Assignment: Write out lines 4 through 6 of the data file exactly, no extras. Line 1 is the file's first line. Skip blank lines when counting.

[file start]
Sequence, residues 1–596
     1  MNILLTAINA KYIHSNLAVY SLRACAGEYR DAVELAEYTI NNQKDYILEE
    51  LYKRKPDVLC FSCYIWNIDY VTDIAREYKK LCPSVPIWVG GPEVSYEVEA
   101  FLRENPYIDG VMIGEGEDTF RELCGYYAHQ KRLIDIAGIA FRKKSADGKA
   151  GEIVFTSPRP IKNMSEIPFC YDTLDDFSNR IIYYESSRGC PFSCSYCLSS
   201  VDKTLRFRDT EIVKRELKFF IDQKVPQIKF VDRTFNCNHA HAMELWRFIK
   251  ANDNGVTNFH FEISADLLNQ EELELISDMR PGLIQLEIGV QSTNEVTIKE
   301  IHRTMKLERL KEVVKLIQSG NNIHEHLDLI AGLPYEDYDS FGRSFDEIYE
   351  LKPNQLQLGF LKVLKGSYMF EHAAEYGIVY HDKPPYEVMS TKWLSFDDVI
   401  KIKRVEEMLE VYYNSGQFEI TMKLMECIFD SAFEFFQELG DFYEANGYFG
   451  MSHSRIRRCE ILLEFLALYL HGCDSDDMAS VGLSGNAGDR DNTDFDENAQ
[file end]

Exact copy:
   101  FLRENPYIDG VMIGEGEDTF RELCGYYAHQ KRLIDIAGIA FRKKSADGKA
   151  GEIVFTSPRP IKNMSEIPFC YDTLDDFSNR IIYYESSRGC PFSCSYCLSS
   201  VDKTLRFRDT EIVKRELKFF IDQKVPQIKF VDRTFNCNHA HAMELWRFIK